Quick guide to the different NBN connection types: what’s best?

Samuel Howieson
Samuel Howieson

With over $51 billion already invested in the NBN, the rollout has yet to be completed across the country. And some people still have no idea what it’s all about. In case you’ve yet to be affected by the ISDN disconnection and shift to the NBN, here’s everything you need to know about it as well as the different NBN connection types. Plus, what’s the best NBN connection type?

What’s the NBN?

The NBN is an upgrade to the existing internet and phone infrastructure in Australia. Disconnection from the ISDN, which is the current internet infrastructure, has already started early September and is set for completion by 2022. With the slow shift from ISDN to NBN, this would explain why the internet speed of the country has fallen to 60th place according to Speedtest Global Index.

NBN Connection Types

Varied connection technologies have been rolled out by the NBN to cut down on costs and hasten the switch to the latest network. Plus, the NBN connection varies from one area to another. You won’t have a choice on the connection installed since the decision lies on NBN Co. but it is best to understand what the types of NBN are, as these can be confusing.

  1. Fixed Wireless
    This in-between technology connects regional and rural areas to the NBN. Rather than a satellite wireless connection, it uses a ground-based station. It is similar to the wireless technology used by 4G networks such as Vodafone, Optus, and Telstra. A fixed wireless connection is optimised according to the total number of users in a certain area.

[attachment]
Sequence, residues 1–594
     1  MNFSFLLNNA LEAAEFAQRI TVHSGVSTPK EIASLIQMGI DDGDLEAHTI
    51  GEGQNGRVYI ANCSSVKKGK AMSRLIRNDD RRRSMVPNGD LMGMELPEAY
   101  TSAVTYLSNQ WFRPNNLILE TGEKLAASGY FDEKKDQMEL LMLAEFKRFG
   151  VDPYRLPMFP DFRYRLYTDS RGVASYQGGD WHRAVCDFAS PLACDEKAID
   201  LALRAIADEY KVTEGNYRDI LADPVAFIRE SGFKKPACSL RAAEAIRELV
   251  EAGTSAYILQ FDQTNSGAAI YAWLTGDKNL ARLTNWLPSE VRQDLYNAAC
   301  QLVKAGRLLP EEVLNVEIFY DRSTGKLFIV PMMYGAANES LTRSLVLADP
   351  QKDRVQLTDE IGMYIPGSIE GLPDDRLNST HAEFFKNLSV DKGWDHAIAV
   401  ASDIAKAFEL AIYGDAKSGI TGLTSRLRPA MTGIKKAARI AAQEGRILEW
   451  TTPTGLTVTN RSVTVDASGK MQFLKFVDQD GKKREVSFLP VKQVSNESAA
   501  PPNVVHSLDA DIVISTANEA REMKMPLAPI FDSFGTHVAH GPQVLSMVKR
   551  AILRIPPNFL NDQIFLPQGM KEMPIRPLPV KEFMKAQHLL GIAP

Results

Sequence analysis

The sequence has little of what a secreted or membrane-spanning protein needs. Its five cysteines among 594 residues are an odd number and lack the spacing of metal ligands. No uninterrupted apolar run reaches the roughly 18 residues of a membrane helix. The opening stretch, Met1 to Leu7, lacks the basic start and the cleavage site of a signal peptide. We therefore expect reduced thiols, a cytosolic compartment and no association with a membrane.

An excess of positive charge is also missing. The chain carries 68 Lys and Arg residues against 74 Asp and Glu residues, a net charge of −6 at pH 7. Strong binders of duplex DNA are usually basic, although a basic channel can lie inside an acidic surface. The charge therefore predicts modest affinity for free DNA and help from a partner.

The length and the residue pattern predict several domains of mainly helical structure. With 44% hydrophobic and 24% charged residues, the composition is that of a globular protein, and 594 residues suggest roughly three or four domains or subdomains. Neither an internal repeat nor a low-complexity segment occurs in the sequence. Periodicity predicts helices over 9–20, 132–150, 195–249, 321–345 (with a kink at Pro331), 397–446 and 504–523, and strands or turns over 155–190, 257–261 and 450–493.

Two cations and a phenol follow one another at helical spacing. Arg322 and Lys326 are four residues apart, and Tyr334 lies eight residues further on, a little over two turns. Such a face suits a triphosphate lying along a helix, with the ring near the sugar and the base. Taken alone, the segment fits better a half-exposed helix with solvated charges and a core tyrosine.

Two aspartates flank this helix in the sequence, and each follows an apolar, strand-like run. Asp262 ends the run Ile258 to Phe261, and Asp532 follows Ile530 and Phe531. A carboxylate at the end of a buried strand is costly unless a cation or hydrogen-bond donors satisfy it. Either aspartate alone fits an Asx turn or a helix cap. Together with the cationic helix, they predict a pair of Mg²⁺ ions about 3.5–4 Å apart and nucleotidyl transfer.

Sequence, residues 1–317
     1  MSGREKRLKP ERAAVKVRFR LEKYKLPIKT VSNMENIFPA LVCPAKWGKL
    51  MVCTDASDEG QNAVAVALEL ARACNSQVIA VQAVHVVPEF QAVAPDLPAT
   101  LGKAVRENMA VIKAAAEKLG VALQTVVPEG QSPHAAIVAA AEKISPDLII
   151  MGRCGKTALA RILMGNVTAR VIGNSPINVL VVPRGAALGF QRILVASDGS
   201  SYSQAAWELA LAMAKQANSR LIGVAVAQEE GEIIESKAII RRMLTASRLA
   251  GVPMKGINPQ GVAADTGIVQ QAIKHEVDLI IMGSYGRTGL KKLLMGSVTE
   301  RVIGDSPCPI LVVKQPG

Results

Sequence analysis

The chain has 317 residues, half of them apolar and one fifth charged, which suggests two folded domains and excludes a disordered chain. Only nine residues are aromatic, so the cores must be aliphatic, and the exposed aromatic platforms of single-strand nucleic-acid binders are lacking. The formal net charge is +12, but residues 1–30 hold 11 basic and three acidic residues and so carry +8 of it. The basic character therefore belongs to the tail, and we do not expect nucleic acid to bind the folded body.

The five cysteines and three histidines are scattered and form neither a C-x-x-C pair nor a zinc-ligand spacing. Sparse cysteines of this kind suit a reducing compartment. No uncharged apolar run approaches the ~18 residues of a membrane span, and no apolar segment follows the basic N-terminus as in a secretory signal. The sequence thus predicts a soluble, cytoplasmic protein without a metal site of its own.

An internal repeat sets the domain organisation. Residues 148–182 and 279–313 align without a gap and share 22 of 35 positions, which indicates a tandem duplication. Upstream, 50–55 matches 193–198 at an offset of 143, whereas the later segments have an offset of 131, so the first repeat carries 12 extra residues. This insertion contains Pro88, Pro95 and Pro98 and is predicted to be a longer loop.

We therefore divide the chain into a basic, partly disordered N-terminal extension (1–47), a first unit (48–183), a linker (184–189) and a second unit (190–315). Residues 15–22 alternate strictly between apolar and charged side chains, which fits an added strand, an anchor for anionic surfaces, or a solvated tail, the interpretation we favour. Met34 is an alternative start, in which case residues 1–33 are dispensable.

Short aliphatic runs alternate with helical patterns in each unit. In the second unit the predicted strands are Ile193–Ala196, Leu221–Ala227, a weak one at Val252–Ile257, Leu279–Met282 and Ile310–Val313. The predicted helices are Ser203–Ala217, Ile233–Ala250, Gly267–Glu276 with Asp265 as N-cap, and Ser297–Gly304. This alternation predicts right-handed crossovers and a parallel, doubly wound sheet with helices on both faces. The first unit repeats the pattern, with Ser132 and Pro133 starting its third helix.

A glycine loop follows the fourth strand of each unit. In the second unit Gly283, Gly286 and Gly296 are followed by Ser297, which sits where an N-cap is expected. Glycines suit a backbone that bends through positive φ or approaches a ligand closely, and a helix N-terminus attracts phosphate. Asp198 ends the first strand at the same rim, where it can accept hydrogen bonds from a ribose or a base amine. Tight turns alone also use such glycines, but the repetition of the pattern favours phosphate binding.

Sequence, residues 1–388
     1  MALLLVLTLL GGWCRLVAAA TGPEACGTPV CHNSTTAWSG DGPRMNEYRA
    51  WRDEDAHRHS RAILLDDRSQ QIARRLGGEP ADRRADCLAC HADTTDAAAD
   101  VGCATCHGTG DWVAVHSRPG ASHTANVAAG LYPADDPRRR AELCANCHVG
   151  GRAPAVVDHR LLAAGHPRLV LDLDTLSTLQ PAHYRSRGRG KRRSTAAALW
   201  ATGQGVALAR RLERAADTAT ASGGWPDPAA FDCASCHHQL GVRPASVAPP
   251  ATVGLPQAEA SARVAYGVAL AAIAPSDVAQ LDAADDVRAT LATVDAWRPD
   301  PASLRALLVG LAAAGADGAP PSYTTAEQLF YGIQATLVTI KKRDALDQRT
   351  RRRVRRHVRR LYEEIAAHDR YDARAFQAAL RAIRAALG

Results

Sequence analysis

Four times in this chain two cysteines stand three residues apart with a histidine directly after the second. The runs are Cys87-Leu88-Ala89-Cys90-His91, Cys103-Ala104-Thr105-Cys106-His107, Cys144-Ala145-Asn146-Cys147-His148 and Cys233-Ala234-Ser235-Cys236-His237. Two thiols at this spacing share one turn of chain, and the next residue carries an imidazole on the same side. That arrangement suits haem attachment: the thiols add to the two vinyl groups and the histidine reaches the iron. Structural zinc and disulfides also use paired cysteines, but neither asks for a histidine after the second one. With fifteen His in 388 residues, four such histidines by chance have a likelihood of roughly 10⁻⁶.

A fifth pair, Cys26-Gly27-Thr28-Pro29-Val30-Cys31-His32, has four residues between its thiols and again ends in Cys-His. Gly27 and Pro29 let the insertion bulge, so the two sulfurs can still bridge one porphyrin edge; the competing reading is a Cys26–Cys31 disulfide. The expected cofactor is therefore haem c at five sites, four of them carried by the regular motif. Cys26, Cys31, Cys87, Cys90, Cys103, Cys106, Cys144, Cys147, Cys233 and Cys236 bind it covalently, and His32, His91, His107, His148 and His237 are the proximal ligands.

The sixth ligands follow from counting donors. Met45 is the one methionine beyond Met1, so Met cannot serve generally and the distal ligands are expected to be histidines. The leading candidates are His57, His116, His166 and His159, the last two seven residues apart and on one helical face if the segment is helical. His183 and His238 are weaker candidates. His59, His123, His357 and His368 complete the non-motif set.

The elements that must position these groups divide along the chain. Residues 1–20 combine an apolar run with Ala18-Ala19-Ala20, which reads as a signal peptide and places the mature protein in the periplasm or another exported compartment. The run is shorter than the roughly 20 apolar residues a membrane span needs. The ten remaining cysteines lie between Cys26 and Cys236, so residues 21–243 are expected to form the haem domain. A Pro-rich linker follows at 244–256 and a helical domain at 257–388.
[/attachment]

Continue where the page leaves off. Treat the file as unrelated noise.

2. Satellite (Sky Muster)
    Remote and regional parts of Australia use this type of connection. A signal is broadcast from NBN Co. to a satellite dish before it is transmitted to the user’s home. Data is limited, especially for entry-level plans, and speed is also an issue on a satellite connection. This is by far the worst type.
  3. Hybrid Fibre-Coaxial (HFC)
    If you’ve got cable TV, then it is highly likely you’ll be getting this connection. While it makes use of insulated wires to reduce interference, upload speeds on the HFC are bad. Download speeds are also likely to slow down during peak periods.
  4. Fibre to the Premises (FTTP)
    FTTP is also referred to as FTTH, Fibre to the Home. In this setup, each house has a dedicated fibre-optic cable that runs from a fibre distribution hub closest to their area. It is considered the best type of connection since it is the fastest. Plus, there’s room for expansion in the future. Though it is the fastest and the best, it can also be the most expensive, especially for new installations that involve switching the current NBN connection to an FTTP.
  5. Fibre to the Node (FTTN)
    An FTTN connection is a more affordable alternative than the FTTP. It is easier and faster to install in high-density suburban areas since it uses existing copper cables that are connected to a central location or node often found at the end of the street.
  6. Fibre to the Curb (FTTC)
    Another term for FTTC is FTTDP or Fibre to the Distribution Point or Fibre to the Driveway. The fibre connection runs through an underground pit that is closest to the user’s home. Compared to FTTN, FTTC is better and faster.
  7. Fibre to the Basement (FTTB)
    Lastly is FTTB, which is also known as Fibre to the Building. For those living in multi-dwelling units such as office blocks or apartments, FTTB is the default NBN connection. Fibre runs from the central location in the building, and the distance left uses copper wiring. So, the connection speed may depend on distance from the node and the quality of the copper wires.

Alltel NBN Plan to Get You Connected

Avoid interruptions to your internet connection and start the switch to NBN today with Alltel. We offer unlimited NBN plans that fit your home and office needs. If you’re unsure if the NBN has rolled out in your area and the NBN connection types available, then we can help. Call us at 1300 ALLTEL or visit www.alltel.com.au for more info.

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